Is there anyone who isn’t on board with the vision, regardless of how often and how clearly the pastor communicates it? Is anyone creating alliances, openly or covertly, to challenge the direction of the team? Does anyone claim another respected leader is a better source of wisdom and direction for the team than the lead pastor?
6. Gradual shutdown. You will never go further than the team you develop around you. I always say, “Vision tells you where you’re going, strategy tells you how you are going to get there, and your team will tell you whether you will arrive.”
That’s why I continually stress the need to work toward alignment. The goal is building a high-functioning team that runs in the same direction and chases the same goals.
Keep your antenna in the air to detect any signs of drift among your team members. Gradual shutdown is dangerous because, at the core, there is usually an unresolved offense. The shutdown is a response to the festering hurt.
As a leader, don’t try to judge whether the hurt is justified. If people feel it, it’s real to them. Identify the triggers that can initiate the process of shutdown for a team member.
A culture of respect, trust and honor doesn’t just happen. To avoid leaderdrift, we must build and protect a positive culture.
You need to recognize both the why and what. Why do team members feel disengaged? What caused it to happen? If you become familiar with the triggers, your understanding can help you get ahead of the problem before it becomes loud and messy.
History is full of tragic stories of leaders who ignored warning signs. Before President Abraham Lincoln went to Ford’s Theater, he was warned his life was in danger. The Titanic captain received repeated warnings about the presence of icebergs. The day before the space shuttle Challenger exploded, engineers warned NASA officials launching amid the anticipated cold temperatures could prove disastrous.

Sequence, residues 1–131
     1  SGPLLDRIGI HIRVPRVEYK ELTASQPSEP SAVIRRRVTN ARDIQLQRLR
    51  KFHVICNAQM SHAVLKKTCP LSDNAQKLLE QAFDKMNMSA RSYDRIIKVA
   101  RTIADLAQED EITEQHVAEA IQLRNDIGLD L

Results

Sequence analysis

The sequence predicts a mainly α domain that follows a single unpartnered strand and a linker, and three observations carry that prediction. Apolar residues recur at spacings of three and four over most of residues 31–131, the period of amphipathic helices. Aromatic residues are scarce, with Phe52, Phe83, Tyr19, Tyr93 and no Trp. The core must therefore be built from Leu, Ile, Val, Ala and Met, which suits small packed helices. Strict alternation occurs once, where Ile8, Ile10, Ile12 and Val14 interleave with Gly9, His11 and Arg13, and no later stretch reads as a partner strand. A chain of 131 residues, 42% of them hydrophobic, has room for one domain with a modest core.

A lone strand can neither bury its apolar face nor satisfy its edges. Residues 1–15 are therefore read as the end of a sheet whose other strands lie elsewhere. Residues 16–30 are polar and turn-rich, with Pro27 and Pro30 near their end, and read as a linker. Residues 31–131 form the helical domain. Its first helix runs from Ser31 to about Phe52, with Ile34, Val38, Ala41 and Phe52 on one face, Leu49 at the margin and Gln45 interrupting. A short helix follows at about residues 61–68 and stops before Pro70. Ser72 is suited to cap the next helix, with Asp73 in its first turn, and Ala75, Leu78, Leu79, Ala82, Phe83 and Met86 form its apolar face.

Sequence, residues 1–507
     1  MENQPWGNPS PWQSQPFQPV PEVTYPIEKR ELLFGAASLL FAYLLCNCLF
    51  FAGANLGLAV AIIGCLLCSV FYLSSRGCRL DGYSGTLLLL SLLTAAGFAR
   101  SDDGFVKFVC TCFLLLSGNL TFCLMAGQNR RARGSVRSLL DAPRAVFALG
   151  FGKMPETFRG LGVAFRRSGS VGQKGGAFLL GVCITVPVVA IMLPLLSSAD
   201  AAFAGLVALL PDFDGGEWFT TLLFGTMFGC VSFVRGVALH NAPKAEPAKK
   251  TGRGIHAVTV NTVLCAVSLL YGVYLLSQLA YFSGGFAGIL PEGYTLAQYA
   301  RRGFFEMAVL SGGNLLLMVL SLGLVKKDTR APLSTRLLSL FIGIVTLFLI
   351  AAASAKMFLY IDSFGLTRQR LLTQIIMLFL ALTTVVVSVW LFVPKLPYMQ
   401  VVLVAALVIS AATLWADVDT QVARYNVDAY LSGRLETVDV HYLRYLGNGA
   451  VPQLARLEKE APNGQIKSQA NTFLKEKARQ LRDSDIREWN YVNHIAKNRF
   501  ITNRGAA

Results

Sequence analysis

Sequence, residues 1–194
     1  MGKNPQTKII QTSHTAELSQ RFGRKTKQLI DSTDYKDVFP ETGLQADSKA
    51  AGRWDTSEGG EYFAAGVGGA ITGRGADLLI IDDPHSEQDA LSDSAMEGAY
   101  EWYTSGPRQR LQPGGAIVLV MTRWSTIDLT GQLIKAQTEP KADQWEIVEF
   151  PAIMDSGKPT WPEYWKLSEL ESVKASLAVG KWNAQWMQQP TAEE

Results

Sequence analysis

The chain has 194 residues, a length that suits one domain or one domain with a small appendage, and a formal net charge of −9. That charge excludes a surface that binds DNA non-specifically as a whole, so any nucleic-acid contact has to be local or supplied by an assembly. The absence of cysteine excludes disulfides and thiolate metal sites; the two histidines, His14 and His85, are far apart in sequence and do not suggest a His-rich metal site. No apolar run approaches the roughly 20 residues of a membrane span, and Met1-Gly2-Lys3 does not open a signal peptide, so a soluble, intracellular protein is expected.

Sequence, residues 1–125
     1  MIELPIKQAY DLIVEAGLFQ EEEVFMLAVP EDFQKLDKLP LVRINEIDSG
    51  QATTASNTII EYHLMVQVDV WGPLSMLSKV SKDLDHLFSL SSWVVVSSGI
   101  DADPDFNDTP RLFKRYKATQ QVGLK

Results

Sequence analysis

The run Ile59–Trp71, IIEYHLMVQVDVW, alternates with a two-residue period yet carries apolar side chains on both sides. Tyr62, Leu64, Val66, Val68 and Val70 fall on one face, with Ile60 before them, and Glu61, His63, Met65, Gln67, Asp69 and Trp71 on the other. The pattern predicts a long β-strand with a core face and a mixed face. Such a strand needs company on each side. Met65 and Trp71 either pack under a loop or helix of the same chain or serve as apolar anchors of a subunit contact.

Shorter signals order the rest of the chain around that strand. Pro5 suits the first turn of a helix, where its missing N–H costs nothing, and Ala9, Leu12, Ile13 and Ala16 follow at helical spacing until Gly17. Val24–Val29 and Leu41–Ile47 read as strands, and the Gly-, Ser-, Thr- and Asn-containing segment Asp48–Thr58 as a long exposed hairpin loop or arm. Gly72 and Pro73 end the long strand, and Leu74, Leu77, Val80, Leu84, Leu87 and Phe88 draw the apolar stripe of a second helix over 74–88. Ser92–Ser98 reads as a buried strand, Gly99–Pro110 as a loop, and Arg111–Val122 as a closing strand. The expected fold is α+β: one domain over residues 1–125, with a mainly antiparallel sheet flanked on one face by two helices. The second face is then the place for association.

Whether you’re the lead pastor, a staff member, or someone on the board, the first step in dealing with leaderdrift is paying attention to the warning signs. And let me assure you, they’re always there!
The tendency to drift is human nature. I’m not suggesting you become paranoid — just alert and perceptive.
The next step is courageously initiating hard conversations. Do this in a timely manner, before a minor problem blows up into a catastrophe.
Enter such conversations with a plan. Be specific, clear and kind, making space for dialogue. You have something important to say, but you also need to listen well and look for solutions that are reasonable.
Finally, recognize the inherent tension each team member experiences — between authority and submission, leadership and servanthood, creativity and boundaries, and personal vision and the lead pastor’s vision.
Jesus provided a model for managing this tension. Although He gave His disciples authority, Jesus knew they would still have to be submissive. After all, the disciples were not angelic beings. They were thoroughly human. Jesus recognized this and addressed it.
Matthew 10:1 says, “Jesus called his twelve disciples together and gave them authority to drive out impure spirits and to heal every disease and sickness” (emphasis added).
Later in the same chapter, Jesus told the disciples, “Whoever finds their life will lose it, and whoever loses their life for my sake will find it” (verse 39).
Did you catch that? In verse 1, Jesus gave the disciples authority over evil spirits, diseases and illnesses. That’s a lot of authority! Then, in verse 39, Jesus told the disciples to give up control of their lives.
So, which is it? Do we have authority, or are we supposed to surrender and submit? Jesus would say, “Both!”
That’s the tension we all experience — staff members as well as lead pastors. I often tell teams, “You have authority, but you also have to submit to God, to your spiritual authority, and to one another. You have freedom, but you also have to work within boundaries. You have personal vision, but you also have to submit to and support your pastor’s vision.”
A culture of respect, trust and honor doesn’t just happen. To avoid leaderdrift, we must build and protect a positive culture. Your ability to address leaderdrift will not only protect your church or organization, but it will also develop those God has placed under your care.
If you’re on a team, work diligently to fight leaderdrift in your own heart, motives, and mind. Your calling, purpose, and role are bigger than the frustrations and offenses you experience.
As we get better, the Kingdom gets better. Let’s get better together.
This article appears in the Fall 2022 issue of Influence magazine.